I’ve been a working journalist since 1997. I have worked for The Asian Age in Mumbai, Herald in Goa, Tehelka in New Delhi and have also been part of a band of journalists who produced investigative news software for television channels. And then I’ve done some writing on and critiquing of the media in Goa over the years. There’s the story about editorials for sale. Then there was the fake story about a holocaust varmint Nazi being arrested by a fictitious secret German police unit floated by me which was published in several newspapers across India and the globe. Then there was another story about newspapers publishing sex advertisements promoting prostitution, where instead of listing the pimp’s number, I inserted phone numbers of the same editors whose newspapers published these lewd and solicitous adverts. There was also the story of how the Goa Editor’s Guild (GEG) set out to gag the media critique blog, by listing the item on the agenda of an official Guild meeting. And then another one establishing paid news in these assembly elections in Goa.

Result: I’ve had to do my bit of scrounging. I have been at the bottom of the barrel for a spell. In the course of exposing the above-mentioned stories, I’ve been out of a job for a long while. There was no money coming in so I resorted to all sorts of odd writing jobs, since writing is the only paying skill I possess. I did some cheap sweatshop commercial-writing by pitching to postings on craigslist. I’ve written and rewritten about yoga mats. About turd-cleaning devices, which help you clear dog poo off the floor, without leaving stains. I’ve even written tasty little descriptors for websites hosting porn films and sleazeclips, sometimes making $2 for 500 words.

All this, until a friend and fellow journalist Fredrick Noronha voluntarily and graciously gave up his job writing for a news agency from Goa, so that I could pitch for it.

So now every story told through the ages has had its morals. And I am still looking for the morals in mine.

But like I said earlier. The story is the same everywhere. Journalistic corruption is not special to Goa. Dammit, it’s not even as big as the big metros. So why did I do the things I did and say the things I have over here?

Things come across a lot clearer in smaller places. There’re fewer people. Fewer buffers. Fewer layers of camouflage. There’s lesser intrigue. The smaller journalistic microcosm of Goa is representative of the profession’s ills and helps one understand the depravity of the broader journalistic setup in India in an easy way.

A shot of Goan feni in a Goan tavern works as well as the finest scotch in Delhi’s tony, well-heeled clubs. But what would cost you ten bucks here could cost you a few hundred quid in Delhi, with perhaps a Bangkok junket thrown in for good measure.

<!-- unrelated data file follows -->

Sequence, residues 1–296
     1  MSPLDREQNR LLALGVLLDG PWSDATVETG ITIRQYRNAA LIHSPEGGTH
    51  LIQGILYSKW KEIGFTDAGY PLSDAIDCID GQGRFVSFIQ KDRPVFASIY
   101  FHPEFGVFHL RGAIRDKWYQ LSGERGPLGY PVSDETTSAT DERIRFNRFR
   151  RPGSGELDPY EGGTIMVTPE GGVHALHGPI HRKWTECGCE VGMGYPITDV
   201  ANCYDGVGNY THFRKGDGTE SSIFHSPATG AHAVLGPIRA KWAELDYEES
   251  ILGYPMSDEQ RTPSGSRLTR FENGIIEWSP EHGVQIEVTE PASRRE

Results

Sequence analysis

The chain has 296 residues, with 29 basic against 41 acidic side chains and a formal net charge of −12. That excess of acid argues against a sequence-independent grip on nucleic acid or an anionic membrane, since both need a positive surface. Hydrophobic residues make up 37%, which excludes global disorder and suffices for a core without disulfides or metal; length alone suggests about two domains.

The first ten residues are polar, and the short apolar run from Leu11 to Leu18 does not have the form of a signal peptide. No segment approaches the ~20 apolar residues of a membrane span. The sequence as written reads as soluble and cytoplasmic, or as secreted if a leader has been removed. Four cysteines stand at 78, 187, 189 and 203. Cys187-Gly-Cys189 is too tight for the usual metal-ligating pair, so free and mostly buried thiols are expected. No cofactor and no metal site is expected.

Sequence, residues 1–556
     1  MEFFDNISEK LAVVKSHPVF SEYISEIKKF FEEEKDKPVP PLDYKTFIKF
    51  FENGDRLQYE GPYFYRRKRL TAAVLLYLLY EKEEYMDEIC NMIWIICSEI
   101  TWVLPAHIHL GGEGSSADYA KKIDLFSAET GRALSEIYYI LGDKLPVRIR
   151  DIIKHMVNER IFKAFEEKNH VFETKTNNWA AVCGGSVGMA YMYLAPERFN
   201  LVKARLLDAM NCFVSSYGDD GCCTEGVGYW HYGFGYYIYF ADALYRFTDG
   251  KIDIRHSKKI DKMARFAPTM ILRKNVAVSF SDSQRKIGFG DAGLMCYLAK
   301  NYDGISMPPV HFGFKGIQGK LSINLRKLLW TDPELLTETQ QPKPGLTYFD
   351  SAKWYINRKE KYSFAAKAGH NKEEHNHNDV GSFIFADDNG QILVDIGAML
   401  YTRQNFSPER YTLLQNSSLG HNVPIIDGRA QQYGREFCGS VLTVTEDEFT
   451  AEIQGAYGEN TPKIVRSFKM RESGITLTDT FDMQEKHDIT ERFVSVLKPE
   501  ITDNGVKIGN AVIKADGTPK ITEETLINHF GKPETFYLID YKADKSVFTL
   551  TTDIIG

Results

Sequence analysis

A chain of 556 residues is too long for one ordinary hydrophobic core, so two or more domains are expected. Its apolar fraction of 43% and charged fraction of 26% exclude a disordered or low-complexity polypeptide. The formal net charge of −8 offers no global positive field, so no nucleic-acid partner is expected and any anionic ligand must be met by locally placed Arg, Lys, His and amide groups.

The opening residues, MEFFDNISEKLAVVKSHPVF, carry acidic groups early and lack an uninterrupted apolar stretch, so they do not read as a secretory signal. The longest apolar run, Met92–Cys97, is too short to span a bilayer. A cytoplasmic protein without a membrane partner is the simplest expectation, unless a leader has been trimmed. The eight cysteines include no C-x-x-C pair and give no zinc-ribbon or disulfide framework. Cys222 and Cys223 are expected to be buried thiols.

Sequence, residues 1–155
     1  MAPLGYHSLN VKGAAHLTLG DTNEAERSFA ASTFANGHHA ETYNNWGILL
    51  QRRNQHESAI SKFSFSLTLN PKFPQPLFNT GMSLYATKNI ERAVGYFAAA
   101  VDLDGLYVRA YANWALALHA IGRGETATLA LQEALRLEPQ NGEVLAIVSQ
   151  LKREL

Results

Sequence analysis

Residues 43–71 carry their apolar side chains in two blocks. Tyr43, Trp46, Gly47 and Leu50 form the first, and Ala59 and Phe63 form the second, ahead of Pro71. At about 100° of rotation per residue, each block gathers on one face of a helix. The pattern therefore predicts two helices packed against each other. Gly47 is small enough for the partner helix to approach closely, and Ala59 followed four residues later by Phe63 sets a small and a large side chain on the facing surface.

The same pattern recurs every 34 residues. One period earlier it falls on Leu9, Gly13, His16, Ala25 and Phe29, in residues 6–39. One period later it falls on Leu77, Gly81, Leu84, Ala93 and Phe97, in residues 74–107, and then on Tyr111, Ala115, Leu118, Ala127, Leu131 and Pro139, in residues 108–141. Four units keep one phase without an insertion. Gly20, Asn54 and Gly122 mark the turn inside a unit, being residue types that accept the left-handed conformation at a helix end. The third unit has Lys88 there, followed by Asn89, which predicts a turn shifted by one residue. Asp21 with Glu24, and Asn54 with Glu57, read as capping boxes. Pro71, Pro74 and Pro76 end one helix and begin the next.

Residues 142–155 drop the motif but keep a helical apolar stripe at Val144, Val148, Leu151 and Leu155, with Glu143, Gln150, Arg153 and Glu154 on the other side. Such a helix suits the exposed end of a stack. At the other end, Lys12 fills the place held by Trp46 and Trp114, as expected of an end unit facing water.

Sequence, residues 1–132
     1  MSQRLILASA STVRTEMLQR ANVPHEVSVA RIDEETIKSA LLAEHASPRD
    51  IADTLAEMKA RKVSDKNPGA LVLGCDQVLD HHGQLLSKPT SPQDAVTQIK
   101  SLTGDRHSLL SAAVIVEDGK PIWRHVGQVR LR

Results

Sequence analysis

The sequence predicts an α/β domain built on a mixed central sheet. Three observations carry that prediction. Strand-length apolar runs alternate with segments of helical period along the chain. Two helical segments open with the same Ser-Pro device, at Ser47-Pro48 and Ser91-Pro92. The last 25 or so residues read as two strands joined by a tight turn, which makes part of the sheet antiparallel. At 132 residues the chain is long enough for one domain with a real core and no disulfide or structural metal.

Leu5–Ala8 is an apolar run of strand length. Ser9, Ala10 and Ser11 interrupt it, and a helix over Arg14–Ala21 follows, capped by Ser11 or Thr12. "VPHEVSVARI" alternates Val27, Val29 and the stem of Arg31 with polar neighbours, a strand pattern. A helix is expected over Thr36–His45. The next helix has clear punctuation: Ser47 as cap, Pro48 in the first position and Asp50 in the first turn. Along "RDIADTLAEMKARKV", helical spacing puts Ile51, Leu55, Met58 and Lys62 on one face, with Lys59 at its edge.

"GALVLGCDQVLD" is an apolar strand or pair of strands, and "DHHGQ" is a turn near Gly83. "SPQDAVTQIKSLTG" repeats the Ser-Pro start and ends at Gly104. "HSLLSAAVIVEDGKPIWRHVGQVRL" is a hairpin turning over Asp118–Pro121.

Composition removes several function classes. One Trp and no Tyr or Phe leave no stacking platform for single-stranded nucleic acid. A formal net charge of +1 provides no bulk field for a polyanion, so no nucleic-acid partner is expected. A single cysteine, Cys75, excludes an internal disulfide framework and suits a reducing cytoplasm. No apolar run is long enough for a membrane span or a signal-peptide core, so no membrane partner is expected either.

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Goan names: Bendro(parasite), Poko(empty), Bodvo(angel),Kochro(trash),Bokdo(goat), Kolo(fox), kan katro(cut ear)

‘Land of the Sal: Tree’COLOURFUL ‘FAMILY NAMES’, A PART OF THE GOAN REALITY

Land of the Sal Tree: Personality traits also played a part in earning families a
nickname

Street names might be alien in Goa, and house numbers hardly
get used.  But family nicknames — literally by the dozen —
are liberally deployed in parts of the State.

A new book on the Bardez village of Saligao lists
six whole pages of nicknames deployed locally —
mostly in Konkani, and bequeathed from father to
son, across the generations.

This centuries old tradition came up because Catholic
converts might have ended up with identical names, and needed
ways to distinguish themselves from each other, suggests Fr
Nascimento J Mascarenhas, the author of ‘Land of the Sal
Tree’, a just-published book on Saligao.

So, households were given nicknames “that reflected either a
peculiar physical characteristic or a personal trait of the
homeowner”.  This led to an abundance of “colourful” family
nicknames, which have also been taken overseas by some who
migrated there.

Some names are unusual — like ‘bot modi’ (broken
toe), ‘kan katro’ (cut ear) or ‘fujao’ (chicken
pox).  Some families got described as ‘caulo’
(crow), ‘goro cul’lo’ (white crab) or ‘cauo cul’lo’
(black crab).

‘Pinglo’ (or, blonde) was the nickname given to a household
with light coloured hair.  Some families got nicknamed after
animals, birds and fish “presumably because of their
perceived resemblance to their non-human counterparts”.

There was the ‘bokdo’ (goat), ‘tal’lo’ (sardine), ‘combo’
(rooster), ‘bebo’ (toad), ‘manko’ (frog), ‘dukor’ (pig),
‘kolo’ (fox), ‘vagio’ (tiger) and ‘soso’ (rabbit).

Personality traits also played a part in earning families a
nickname.  Such as ‘Sourac’ (hot curry), ‘Saibin’ (Blessed
Virgin), ‘Godgoddo’ (thunder) and ‘Kochro’ (trash).

“The deportment of some villagers didn’t go unnoticed either.
There was ‘Dando’ (rod), ‘Raza’ (king), ‘Girgiro’
(propeller), ‘Bodvo’ (angel) and ‘Devchar’ (devil),” notes
the book.

Villagers got named after the work they were
involved in — as hatters (Chepekan), florists
(Fulkar or Fulkarn), lawyers (delegad), evil-eye
removers (dishtikan), ginger-man (alekar),
candlemakers (menkar), coconut climbers (madkar),
among others.

Then, there was Munkoto (firewood), labelled thus because an
ancestor used a piece of firewood to chase away kids whose
game of marbles disturbed his siesta.  There were also some
inexplicable names like Bendro (parasite), Poko (empty) and
Porque (‘why’ in Portuguese).

“A few other nicknames wouldn’t be appropriate to
use in a family-oriented publication.  But they
were used quite freely, and without malice, by
villagers,” says the book.  It adds that a nickname
was never viewed with derision, but instead was a
prized symbol of a family’s recognition and
acceptance as an entrenched member of the village
community.

The book also describes a range of Saligao village issues of
yesteryears, among which are some quaint and rustic
traditions, customs, folklore and even superstition.